Definition The aortic valve is a flap-like opening located between the left side of the heart and the aorta, the main artery of the heart. This valve opens so that blood can flow out of the aorta, but closes so that blood cannot flow back in. Sometimes this valve does not close tightly and blood flows backwards into the left side of the heart. This is called aortic regurgitation (AR).
What is going on in the body? The heart is divided into two halves, right and left. Each side has a pumping chamber, called a ventricle. The left-sided pumping chamber or left ventricle (LV) receives blood from the lungs. During a heartbeat, the left heart chamber squeezes, generating enough pressure to open the aortic valve. Blood from the left side is then pumped into the aorta and out into the body for general circulation. As the left heart chamber empties, the aortic valve closes.
In normal hearts, the valve seals shut and no blood is allowed to flow back into the left side. But when the aortic valve is abnormal, blood does flow backwards. This causes blood to flow into the left heart chamber from two sources. The first source is from the lungs, which is normal. The second source is from the backflow of blood across the leaky aortic valve. When the heart receives this excess amount of blood, the left side must work harder, causing it to become very big and very stressed. This can happen slowly over time, but can get worse rather quickly.
What are the signs and symptoms of the condition? This is a condition that usually progresses slowly over years. Many people do well despite moderate to severe regurgitation of the aortic valve.
Symptoms may not appear until the left heart chamber is quite stressed. Common symptoms include:
This condition can result in damage to the left heart chamber as it dilates and works harder. In acute cases caused by bacterial endocarditis, there is an increased risk of death if heart valve surgery isn't done right away.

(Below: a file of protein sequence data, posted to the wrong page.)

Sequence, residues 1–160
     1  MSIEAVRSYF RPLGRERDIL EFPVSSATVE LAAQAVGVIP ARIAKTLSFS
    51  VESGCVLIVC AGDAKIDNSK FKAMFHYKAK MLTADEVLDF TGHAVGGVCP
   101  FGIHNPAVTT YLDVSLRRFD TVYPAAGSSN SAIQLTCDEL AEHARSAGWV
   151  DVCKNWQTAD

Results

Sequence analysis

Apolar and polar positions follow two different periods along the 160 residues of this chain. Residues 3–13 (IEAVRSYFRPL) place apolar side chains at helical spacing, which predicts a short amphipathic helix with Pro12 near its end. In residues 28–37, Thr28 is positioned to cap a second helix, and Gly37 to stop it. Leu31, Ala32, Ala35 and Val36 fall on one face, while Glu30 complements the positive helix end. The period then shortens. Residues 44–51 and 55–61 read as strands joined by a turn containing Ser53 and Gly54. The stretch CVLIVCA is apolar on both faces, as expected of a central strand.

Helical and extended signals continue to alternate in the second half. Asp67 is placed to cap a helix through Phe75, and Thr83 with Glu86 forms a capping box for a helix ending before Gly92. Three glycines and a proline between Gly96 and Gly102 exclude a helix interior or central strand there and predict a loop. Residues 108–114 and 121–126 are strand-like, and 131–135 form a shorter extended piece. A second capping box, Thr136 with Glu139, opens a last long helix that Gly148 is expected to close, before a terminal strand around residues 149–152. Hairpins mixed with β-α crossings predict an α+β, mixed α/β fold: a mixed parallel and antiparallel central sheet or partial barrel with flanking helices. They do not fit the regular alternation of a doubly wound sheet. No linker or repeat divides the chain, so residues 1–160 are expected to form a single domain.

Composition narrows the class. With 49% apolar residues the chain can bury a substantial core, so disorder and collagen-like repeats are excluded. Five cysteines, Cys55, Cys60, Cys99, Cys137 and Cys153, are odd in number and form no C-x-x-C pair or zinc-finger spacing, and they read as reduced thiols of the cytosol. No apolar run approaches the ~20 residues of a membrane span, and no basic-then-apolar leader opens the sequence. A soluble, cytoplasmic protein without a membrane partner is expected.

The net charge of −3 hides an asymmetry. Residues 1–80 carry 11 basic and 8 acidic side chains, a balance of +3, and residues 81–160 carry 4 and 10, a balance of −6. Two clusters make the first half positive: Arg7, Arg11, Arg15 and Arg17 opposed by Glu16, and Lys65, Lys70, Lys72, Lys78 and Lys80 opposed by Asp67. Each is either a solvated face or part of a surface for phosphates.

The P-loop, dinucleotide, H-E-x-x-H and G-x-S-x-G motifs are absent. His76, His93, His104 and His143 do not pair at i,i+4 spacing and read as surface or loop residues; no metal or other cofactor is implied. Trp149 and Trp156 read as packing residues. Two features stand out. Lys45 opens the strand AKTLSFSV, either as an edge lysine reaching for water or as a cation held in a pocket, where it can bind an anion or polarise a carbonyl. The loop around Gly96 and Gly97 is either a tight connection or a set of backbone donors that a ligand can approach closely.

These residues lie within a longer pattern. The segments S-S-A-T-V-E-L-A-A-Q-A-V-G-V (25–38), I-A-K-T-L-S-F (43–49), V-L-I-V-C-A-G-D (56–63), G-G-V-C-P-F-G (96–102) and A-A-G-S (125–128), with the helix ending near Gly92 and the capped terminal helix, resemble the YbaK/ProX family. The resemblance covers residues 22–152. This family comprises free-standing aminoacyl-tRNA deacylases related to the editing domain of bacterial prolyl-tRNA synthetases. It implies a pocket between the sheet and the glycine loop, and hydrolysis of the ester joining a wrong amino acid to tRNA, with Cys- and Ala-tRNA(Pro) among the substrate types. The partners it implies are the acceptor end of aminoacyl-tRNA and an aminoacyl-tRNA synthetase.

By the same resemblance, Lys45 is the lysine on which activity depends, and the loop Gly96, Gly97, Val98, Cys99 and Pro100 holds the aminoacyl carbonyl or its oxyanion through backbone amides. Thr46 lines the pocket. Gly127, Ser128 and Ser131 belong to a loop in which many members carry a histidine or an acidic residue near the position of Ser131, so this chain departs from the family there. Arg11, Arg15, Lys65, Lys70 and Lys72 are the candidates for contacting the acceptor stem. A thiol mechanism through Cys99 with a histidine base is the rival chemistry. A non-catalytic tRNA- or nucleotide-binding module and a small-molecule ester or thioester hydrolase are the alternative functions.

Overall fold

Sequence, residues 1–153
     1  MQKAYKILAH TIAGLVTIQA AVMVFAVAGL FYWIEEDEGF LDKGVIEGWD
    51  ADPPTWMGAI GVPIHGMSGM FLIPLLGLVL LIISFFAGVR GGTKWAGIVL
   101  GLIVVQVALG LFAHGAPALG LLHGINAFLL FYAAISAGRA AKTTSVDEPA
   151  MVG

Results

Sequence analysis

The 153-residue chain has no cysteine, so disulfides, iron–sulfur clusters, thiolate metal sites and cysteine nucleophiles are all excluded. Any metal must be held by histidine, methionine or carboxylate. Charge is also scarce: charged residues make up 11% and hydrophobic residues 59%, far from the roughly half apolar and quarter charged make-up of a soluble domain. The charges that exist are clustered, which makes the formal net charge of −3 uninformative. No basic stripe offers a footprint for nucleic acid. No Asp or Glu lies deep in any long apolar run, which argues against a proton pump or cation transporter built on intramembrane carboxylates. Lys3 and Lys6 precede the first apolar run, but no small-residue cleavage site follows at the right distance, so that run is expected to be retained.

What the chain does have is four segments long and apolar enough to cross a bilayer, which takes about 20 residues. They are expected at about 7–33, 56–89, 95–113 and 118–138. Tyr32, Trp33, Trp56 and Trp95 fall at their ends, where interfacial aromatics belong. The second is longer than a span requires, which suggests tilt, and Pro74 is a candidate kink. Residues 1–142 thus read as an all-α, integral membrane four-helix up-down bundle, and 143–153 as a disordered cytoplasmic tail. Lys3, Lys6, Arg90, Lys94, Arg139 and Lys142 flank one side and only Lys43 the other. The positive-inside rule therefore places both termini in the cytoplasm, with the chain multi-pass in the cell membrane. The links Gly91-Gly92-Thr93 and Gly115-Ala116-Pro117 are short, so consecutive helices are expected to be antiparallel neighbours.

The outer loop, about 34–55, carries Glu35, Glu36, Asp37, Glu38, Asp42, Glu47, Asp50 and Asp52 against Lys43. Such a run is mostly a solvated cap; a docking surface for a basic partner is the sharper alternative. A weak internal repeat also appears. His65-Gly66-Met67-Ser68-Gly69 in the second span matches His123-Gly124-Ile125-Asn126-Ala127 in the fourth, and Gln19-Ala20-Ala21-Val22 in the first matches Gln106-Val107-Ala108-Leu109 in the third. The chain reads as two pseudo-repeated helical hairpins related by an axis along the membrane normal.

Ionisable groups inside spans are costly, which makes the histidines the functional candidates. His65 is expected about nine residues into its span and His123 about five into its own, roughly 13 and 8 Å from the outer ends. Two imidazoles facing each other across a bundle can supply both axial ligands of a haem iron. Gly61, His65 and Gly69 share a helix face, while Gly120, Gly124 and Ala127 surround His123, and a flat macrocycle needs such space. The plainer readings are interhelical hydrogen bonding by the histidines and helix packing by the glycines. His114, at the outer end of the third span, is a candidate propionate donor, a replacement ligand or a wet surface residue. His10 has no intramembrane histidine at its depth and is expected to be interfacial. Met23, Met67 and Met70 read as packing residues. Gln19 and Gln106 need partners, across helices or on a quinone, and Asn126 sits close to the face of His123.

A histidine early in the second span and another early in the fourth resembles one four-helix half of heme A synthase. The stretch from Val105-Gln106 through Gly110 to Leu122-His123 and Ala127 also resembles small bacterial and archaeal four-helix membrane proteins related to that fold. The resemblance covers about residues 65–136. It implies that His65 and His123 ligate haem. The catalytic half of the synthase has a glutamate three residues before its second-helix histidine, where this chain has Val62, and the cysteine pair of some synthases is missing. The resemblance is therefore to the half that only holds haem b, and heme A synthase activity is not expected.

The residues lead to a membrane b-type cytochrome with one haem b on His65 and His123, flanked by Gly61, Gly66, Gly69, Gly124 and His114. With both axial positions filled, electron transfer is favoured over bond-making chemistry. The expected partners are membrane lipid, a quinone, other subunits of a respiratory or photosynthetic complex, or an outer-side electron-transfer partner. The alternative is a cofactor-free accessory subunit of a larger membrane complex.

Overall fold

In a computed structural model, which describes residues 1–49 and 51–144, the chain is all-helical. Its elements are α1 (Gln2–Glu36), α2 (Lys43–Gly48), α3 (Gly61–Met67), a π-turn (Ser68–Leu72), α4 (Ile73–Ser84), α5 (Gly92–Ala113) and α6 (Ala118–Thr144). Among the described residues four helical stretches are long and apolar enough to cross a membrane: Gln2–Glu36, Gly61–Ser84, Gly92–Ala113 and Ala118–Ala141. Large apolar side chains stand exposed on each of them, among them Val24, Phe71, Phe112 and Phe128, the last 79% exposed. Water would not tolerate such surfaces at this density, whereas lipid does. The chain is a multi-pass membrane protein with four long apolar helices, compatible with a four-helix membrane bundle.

What can be done to prevent the condition? Nothing can be done to prevent a person from being born with a malfunctioning aortic valve. But other cases can be prevented by treating any underlying disease that could develop into AR.
How is the condition diagnosed? First, a doctor will do a physical examination. He or she will check the person's pulse and listen to the heart for murmurs and other sounds that might indicate AR. The doctor also may do one or more of these tests:
What are the long-term effects of the condition? The aortic valve may begin to leak or leak more if a person has a heart infection or aortic dissection. This can result in the function of the left heart chamber deteriorating quickly within a few weeks or months.
Chronic regurgitation usually progresses slowly and ends in surgery or with severe congestive heart failure.
What are the risks to others? There are no risks to others.
What are the treatments for the condition? Heart medications may help reduce the severity of the regurgitation. It can postpone or avoid surgery in people who don't have symptoms. Valve replacement surgery may be needed for some people when there are signs that the left heart chamber isn't working well.
What are the side effects of the treatments? All medications have side effects. A doctor can give the person a list of side effects based on the medications prescribed.
All surgery brings a risk of infection, bleeding, and death.
What happens after treatment for the condition? For people who have heart valve surgery, the size of the left heart chamber usually decreases and its function improves. But, the level of improvement depends on how much damage was done to the left side before surgery.
If a person does not have symptoms and his or her left heart chamber works well, he or she can remain on medication for a long time.
How is the condition monitored? People with AR need to have regular checkups so that the doctor can:
People who have received artifical valves need to be monitored closely to prevent blood clots.
Author: Eric Berlin, MD Reviewer: HealthAnswers Australia Medical Review Panel Editor: Dr David Taylor, Chief Medical Officer HealthAnswers Australia Last Updated: 1/10/2001 Contributors Potential conflict of interest information for reviewers available on request
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